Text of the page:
This paper presents two models of budbreak on canes of 'Hayward' kiwifruit (Actinidia deliciosa). A conventional 'chill unit' (CU) type model is compared with an alternative 'loss of potential' (LOP) approach, which assumes that the number of buds developing in spring depends on climate and node position-dependent bud-to-bud interactions that vary in duration and intensity. Both models describe how temperature, and application of a dormancy-breaking chemical, determine the overall amount of budbreak for whole canes. However, the LOP model does so by describing patterns of budbreak along canes. To do this, the cumulative influence of distal neighbours is assumed to cause a progressive fall in the capacity for bud development over the autumn-winter period, an influence that gets stronger as temperature rises. The LOP model also assumes that the rate of decline varies along the cane, as a function of some inherent bud property. These two factors mean that buds towards the base of the cane break less often under the suppressive influence of distal neighbours, while low temperature ('chilling') increases budbreak by diminishing the intensity of suppression relative to bud development rate. Under this scenario, dormancy-breaking chemicals (such as hydrogen cyanamide, HC) enhance budbreak by diminishing the duration of suppression. Models were calibrated using daily temperature series and budbreak proportion data from a multi-year regional survey, and were then tested against independent data sets. Both models were run from a fixed start date until the time budbreak was almost complete, or until a standard date. The fitted models described 87 % of variation in amount of budbreak due to site, year, HC and node position effects in the original data set. Results suggest that the correlation between chilling and the amount of budbreak can be interpreted as a population-based phenomenon based on interaction among buds.  (+info)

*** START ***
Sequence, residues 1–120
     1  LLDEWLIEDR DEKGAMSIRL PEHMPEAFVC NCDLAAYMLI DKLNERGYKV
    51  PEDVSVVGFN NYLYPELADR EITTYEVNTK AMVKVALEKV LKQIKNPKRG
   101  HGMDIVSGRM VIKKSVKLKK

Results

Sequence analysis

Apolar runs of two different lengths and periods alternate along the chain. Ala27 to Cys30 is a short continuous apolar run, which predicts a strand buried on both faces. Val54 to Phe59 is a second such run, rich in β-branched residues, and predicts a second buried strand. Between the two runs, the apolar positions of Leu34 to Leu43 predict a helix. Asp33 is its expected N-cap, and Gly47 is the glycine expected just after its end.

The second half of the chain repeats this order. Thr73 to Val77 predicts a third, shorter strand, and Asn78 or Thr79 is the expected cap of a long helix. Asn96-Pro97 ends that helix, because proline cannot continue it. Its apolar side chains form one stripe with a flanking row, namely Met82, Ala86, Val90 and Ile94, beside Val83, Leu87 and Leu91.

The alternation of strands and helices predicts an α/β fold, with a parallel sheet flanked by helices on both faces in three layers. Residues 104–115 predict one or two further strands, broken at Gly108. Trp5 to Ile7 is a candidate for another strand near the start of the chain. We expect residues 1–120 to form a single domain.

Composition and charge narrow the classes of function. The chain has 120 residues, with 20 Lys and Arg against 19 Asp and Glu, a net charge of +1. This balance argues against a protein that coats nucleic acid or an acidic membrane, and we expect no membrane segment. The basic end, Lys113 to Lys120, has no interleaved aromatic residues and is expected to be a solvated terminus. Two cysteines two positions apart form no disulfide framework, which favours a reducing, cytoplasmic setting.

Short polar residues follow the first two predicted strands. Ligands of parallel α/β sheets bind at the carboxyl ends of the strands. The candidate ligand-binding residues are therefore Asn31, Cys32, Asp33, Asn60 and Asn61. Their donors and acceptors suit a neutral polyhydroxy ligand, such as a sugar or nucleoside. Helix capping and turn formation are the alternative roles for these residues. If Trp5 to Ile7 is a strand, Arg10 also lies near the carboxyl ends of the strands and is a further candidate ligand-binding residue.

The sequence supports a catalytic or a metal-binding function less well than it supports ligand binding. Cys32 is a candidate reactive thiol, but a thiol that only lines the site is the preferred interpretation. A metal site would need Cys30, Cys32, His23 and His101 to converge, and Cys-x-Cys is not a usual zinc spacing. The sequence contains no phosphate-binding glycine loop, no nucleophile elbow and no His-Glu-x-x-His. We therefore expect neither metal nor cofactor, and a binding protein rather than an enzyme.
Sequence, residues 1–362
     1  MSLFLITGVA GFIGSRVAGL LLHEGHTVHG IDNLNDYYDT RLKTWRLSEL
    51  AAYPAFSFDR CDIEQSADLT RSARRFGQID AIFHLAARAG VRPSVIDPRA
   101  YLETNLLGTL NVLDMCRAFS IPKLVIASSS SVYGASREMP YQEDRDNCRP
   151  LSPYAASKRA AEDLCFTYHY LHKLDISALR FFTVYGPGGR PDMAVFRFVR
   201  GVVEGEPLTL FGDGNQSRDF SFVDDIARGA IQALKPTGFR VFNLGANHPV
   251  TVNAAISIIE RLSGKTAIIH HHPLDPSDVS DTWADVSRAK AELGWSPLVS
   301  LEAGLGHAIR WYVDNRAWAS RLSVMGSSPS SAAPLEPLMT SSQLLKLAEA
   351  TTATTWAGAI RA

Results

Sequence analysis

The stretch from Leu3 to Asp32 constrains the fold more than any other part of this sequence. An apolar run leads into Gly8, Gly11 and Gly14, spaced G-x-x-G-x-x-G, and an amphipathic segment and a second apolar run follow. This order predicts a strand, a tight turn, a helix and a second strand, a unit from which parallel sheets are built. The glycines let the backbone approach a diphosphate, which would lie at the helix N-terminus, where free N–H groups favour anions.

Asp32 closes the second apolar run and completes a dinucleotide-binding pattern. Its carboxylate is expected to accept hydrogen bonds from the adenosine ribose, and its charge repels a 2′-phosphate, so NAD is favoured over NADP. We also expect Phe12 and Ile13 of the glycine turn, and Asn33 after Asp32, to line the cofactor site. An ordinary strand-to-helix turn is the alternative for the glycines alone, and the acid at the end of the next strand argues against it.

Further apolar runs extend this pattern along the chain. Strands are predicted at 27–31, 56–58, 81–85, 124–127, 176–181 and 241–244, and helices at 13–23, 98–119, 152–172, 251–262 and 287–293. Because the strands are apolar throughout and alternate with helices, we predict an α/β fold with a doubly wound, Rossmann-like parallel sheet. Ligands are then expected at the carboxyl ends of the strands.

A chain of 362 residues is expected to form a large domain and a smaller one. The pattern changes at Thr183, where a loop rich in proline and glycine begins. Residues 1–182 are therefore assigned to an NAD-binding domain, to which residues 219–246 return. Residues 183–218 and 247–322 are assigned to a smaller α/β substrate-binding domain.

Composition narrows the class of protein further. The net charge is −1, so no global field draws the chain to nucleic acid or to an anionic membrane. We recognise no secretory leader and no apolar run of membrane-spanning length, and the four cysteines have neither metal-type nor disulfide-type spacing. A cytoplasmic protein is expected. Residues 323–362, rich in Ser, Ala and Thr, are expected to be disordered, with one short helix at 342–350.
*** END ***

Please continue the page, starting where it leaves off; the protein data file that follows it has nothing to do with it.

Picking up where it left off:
A case of chloroplast heteroplasmy in kiwifruit (Actinidia deliciosa) that is not transmitted during sexual reproduction. (5/91)